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The Keckley Report

The Widening Gap in Physician-Patient Relationships

By September 4, 2017March 1st, 2023No Comments

The physician-patient relationship is a bedrock of the U.S. health system. Strong relationships are associated with higher ratings for physicians and better outcomes for patients but there’s a catch.

In Secretary of Health and Human Services’ Tom Price Senate confirmation and many times since, he has vowed his administration will seek to restore that relationship. But what patients associate with a strong relationship is increasingly at odds with how physicians think. And the gap between the two seems to be widening.


Per the American Medical Association, the physician-patient relationship is a formal or inferred relationship between a physician and a patient, which is established once the physician assumes or undertakes the medical care or treatment of a patient. It is a responsibility physicians don’t take lightly and most believe they do it well.

The physician-patient relationship has been widely studied. A framework developed by Ezekiel and Linda Manuel has been widely used to categorize the four roles physician play in these relationships: guardian, technical expert, counselor, and friend. In interacting with patients, physicians play all four. Researchers have linked a physician’s personality with their bedside manner. Surveys show most physicians lean toward a more paternalistic approach in dealing with patients and the majority think friendships with patients must be approached with caution. Academics have studied the dynamic between physicians and patients, observing that the physician is the ‘power’ figure in most. Studies have linked a physician known to have a prickly personality with more patient complaints and, in some specialties, a higher susceptibility to lawsuits. And physicians routinely compare notes among themselves about problem patients with whom interactions are routinely difficult.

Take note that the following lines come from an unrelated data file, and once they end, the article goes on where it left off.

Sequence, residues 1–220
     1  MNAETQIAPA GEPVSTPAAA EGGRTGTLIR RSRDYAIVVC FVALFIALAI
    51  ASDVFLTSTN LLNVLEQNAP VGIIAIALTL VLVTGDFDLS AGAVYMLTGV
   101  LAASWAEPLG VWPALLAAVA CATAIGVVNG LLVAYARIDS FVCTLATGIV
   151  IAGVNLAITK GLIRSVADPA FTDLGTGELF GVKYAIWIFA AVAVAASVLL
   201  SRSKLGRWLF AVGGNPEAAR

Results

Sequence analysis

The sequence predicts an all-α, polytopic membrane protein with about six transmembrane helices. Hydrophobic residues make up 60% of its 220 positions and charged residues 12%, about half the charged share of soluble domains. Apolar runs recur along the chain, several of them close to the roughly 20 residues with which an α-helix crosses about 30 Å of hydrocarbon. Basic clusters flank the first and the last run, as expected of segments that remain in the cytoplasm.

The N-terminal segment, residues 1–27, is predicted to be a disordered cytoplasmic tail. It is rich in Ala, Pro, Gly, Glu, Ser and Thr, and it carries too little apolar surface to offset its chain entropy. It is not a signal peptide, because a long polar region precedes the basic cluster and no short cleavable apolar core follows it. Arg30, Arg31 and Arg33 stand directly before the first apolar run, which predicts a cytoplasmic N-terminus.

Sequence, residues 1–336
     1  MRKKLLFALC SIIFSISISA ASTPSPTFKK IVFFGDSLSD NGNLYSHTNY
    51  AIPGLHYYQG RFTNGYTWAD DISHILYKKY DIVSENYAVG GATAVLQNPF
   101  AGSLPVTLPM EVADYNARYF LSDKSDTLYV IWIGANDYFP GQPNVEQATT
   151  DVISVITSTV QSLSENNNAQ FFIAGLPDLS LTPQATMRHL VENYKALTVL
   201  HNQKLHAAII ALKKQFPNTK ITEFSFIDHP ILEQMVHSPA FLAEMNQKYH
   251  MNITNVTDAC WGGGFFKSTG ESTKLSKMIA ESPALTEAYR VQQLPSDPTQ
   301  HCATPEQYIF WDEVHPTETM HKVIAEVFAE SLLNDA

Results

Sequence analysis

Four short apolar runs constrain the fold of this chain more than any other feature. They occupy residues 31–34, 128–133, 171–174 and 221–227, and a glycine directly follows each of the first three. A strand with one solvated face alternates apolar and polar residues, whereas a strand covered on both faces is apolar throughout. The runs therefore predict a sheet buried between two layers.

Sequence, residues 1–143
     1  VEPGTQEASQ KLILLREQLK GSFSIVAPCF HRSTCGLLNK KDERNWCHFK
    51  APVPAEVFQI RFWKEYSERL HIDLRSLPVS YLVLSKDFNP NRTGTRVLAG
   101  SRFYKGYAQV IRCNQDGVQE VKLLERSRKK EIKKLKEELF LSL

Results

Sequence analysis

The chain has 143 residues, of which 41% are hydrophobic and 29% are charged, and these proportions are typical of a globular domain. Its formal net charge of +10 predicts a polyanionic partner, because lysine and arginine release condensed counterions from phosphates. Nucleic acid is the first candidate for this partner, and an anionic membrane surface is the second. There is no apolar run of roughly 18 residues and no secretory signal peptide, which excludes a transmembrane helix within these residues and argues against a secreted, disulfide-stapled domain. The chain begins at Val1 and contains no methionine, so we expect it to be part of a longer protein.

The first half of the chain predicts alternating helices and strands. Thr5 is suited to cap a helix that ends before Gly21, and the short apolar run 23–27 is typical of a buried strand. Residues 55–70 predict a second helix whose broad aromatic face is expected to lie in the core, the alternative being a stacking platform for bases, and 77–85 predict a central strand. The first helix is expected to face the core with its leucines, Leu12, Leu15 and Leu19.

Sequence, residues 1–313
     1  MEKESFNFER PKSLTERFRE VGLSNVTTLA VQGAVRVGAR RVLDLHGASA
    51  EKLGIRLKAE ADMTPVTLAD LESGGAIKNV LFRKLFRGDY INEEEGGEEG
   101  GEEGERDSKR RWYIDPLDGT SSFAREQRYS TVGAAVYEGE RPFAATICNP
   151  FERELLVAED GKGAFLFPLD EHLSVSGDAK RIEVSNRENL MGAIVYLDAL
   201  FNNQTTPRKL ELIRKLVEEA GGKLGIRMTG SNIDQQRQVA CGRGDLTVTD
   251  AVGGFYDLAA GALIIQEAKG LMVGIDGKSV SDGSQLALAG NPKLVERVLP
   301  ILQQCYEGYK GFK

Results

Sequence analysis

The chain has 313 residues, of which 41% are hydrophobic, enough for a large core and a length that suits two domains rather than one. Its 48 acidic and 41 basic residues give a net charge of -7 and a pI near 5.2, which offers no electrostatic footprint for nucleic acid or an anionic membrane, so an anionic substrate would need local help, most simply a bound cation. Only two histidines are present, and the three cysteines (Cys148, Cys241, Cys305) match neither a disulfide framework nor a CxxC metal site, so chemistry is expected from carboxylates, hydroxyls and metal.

Through the years, the American Medical Association and every major medical organization have opined consistently to the need for strong physician-patient relationships. Physicians understand their importance: they’re pragmatists. They understand that a pleasant bedside manner is not necessarily correlated to clinical competency and skillfulness but both are important. They are sensitive to impressions that their profession attracts smart people with big ego’s and a predisposition toward arrogance. And they recognize that changes in their environment are driving a wedge between how they practice and the expectations patients have for the relationship. Consider: